All over Hong Kong, a colorful form of peaceful protest has been blossoming. People have been writing their thoughts, demands and encouragement onto Post-it notes, and sticking them onto walls in public spaces, creating an eye-catching and instantly recognizable mosaic.
They've bloomed on walls of footbridges and pedestrian tunnels, and on the sides of government buildings and highway pillars, with some torn down as quickly as they flowered, and others having lasted since early June.
These temporary installations are called Lennon Walls, taking their name from the graffiti-covered, peace-themed wall in Prague first painted with a picture of the late musician John Lennon in 1980.
The first Hong Kong Lennon Wall appeared on the sides of the legislature in 2014, during the pro-democracy Umbrella Movement, when major streets were occupied in the heart of the city for 79 days. Five years later, they have again become a powerful symbol in the former British colony, which has been rocked by almost two months of increasingly violent demonstrations.
The protests were sparked by a proposed bill that would allow anyone in Hong Kong to be extradited back to mainland China, while the police have continued to stoke public anger. The Hong Kong police force has been criticized for an excessive use of force and, more recently, has been accused of working with the triads, Hong Kong's organized crime syndicates.
The major marches -- two of which have been attended by more than 1 million people, according to organizers -- attract a broad spectrum of Hong Kong citizens. But the street protests are usually attended by younger people and they often end in clashes with the police, who have regularly used tear gas and rubber bullets.
The Lennon Walls provide a gentle alternative for those who may not be willing or able to attend the protests, and who choose to express their views anonymously and quietly.
A small group of anonymous volunteers has embarked on a project called "Lennon Wall Hong Kong" to document the walls on social media, mapping them and collecting images not only from Hong Kong, but around the world. Supporters of the movement abroad have sent photos showing small Lennon Walls that have sprung up all over the world, including Paris, Helsinki, Brisbane and California.
"There is a poetry in a Lennon Wall that captures what has happened in Hong Kong and what makes Hong Kong people special," said a project volunteer, who declined to be identified and who spoke via Instagram's messaging feature. "There is no leader that controls a Lennon Wall. There is no fixed process. Like a garden, each one grows organically. And every single person can contribute. Everyone is helpful."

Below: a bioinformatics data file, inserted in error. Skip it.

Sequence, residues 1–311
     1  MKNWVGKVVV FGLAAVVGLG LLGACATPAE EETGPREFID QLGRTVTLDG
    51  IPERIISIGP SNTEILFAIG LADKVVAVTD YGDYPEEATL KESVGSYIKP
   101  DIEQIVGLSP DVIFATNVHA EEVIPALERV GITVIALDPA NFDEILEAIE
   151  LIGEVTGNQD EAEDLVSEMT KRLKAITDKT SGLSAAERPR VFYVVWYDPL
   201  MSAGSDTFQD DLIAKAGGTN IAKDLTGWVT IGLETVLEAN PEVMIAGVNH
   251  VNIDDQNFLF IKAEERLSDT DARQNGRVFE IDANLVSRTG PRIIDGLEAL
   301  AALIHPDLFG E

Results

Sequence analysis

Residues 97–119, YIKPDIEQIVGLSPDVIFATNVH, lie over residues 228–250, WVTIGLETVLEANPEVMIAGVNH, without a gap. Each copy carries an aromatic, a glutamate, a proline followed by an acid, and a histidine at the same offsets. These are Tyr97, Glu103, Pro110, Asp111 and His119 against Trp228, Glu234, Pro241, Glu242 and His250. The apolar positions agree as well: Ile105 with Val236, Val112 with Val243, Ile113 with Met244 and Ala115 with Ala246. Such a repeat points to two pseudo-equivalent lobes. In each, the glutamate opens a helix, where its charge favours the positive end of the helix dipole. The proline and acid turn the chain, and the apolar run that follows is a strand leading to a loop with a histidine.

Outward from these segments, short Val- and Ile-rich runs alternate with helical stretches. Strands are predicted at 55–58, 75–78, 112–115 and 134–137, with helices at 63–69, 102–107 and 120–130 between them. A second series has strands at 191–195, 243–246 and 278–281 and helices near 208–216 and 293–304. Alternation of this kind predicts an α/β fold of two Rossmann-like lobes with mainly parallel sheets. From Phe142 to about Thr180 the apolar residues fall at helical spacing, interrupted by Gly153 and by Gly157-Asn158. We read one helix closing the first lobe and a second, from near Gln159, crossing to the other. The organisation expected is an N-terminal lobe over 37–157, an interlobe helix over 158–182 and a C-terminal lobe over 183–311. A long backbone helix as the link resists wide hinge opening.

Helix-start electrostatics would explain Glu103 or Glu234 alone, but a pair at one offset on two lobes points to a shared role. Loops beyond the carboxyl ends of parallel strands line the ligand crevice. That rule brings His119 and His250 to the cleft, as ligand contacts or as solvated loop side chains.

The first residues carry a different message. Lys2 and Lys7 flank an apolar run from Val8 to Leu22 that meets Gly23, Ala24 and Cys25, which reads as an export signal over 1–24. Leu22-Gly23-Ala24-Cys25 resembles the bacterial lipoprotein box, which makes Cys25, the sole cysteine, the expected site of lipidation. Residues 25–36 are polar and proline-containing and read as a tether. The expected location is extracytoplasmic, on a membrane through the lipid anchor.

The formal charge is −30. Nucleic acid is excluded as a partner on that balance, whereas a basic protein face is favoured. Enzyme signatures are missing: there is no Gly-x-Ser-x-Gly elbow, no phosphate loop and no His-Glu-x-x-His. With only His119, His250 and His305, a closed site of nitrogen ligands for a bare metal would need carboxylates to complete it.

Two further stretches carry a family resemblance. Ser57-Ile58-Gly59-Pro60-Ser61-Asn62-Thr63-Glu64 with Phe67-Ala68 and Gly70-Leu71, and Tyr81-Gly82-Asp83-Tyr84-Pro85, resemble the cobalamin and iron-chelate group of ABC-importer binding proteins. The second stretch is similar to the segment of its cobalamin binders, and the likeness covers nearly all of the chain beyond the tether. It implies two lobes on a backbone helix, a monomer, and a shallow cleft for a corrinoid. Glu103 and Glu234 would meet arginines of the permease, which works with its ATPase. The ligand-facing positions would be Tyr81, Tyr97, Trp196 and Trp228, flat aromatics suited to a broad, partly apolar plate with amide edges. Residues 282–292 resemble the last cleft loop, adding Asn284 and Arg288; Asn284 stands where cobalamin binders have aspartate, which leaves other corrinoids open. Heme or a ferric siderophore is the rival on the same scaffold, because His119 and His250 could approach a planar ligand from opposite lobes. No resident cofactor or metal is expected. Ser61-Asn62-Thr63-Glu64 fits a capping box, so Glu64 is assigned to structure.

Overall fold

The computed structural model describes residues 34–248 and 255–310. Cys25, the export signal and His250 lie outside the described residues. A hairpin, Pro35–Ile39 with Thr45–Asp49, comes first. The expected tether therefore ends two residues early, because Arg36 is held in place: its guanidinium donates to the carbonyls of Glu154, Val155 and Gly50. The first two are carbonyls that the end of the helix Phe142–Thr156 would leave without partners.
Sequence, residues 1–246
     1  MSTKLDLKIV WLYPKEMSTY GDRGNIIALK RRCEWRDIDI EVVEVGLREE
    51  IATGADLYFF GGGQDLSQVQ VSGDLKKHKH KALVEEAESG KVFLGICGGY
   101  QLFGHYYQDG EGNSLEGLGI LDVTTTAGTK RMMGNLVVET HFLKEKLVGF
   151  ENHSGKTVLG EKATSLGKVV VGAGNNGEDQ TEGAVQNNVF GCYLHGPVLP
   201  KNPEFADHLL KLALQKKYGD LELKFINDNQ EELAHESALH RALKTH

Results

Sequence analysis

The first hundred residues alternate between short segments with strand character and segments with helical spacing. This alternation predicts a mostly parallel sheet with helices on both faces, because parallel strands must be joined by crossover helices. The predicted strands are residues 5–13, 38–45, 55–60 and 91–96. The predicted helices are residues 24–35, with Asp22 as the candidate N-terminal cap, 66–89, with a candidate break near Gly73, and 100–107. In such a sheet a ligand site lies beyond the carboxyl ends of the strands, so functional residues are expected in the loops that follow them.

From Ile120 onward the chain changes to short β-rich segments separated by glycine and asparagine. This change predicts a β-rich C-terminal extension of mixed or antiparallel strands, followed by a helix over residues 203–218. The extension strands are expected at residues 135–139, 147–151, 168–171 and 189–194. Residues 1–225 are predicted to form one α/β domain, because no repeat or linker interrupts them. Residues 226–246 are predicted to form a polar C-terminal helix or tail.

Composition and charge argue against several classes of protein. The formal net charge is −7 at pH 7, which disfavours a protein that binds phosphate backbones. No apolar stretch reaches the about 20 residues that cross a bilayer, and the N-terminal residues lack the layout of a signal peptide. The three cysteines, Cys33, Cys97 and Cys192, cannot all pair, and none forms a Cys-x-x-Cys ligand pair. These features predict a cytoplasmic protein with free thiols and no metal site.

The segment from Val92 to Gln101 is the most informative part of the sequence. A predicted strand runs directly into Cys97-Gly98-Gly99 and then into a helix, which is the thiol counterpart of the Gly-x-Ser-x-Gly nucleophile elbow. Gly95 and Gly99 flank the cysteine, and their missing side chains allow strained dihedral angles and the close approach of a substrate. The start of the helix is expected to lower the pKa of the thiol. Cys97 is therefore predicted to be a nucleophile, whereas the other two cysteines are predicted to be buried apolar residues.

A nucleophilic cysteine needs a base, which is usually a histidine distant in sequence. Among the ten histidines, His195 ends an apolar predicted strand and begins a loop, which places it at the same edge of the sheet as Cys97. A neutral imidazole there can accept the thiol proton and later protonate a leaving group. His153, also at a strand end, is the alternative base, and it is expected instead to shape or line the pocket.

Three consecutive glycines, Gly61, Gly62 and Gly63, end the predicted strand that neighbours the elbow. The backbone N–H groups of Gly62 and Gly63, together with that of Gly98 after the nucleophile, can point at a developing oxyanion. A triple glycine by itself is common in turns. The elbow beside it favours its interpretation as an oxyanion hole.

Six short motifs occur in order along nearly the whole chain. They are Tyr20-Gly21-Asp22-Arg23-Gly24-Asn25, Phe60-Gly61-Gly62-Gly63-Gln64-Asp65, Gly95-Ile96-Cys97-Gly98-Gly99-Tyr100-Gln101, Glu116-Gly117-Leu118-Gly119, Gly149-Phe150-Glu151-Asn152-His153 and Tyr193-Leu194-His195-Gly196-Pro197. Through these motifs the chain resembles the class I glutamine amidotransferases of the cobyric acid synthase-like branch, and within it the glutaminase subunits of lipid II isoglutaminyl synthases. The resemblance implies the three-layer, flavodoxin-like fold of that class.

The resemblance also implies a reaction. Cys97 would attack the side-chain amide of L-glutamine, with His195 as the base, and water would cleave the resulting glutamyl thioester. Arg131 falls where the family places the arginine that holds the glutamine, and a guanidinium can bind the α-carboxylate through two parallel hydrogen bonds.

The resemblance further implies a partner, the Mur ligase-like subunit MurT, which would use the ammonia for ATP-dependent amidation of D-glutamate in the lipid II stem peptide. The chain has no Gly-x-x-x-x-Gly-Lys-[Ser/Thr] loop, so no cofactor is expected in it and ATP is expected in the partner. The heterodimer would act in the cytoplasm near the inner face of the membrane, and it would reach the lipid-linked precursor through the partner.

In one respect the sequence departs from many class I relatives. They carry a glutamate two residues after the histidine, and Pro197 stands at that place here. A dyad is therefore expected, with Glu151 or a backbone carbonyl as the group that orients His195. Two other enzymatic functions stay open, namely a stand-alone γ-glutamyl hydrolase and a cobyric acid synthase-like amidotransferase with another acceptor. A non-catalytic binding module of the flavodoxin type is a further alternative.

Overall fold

Crystal, who declined to give her last name, is unemployed and has been spending a lot of time as a volunteer at the largest of the city's Lennon Walls. The Tai Po edition is an impressive public display of creative expression that has completely covered the walls of a pedestrian tunnel hundreds of feet long. Like at other walls, there are supply stations with free Post-its, tape and pens for the taking.
"I want to do my part and help protect everyone's painstaking efforts. Even if it could get cleared at any moment, that's OK," she said, explaining that she helps to tidy up and manage donated supplies. "I just want to come and help, and do what I can for Tai Po and Hong Kong."
Some walls have been torn down or splashed with ink by those who disagree with the protests. During a pro-police rally, people aggressively tore down the walls on the sides of the legislature, only for it to spring up again the next day. In late July, I saw a police officer tear down a wall in Yuen Long after protests against the triad attacks turned violent.
Blue, a 21-year-old university student who withheld her last name, said she was taking photos of the large Lennon Wall in a pedestrian tunnel in Tsim Sha Tsui because the walls are "an important part of Hong Kong's history" and she knew they "wouldn't last forever."
She hopes the Lennon Walls will raise awareness among foreigners visiting Hong Kong, calling them a form of "soft power."
"This is a tourist spot, and a lot of people pass through it, so whether people agree with us or not, they will want to read it," she said. "Hopefully we can turn them to our side or make them sympathetic to us."
Stage manager Joyce, 27, who asked not to give her last name, was walking past the Tsim Sha Tsui wall when she decided to do her part. She removed the posters covering signs intended to give directions to pedestrians, and stuck them elsewhere on the wall.
Joyce said that the walls give her hope about the movement. "Sometimes I feel really tired, and I think that I am not doing enough," she said, her voice full of emotion. "But when you walk past a wall, you realize there are actually a lot of people with you."